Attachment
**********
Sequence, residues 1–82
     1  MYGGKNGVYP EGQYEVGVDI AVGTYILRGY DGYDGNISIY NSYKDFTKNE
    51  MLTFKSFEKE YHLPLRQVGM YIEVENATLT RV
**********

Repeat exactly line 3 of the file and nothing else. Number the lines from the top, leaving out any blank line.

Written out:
    51  MLTFKSFEKE YHLPLRQVGM YIEVENATLT RV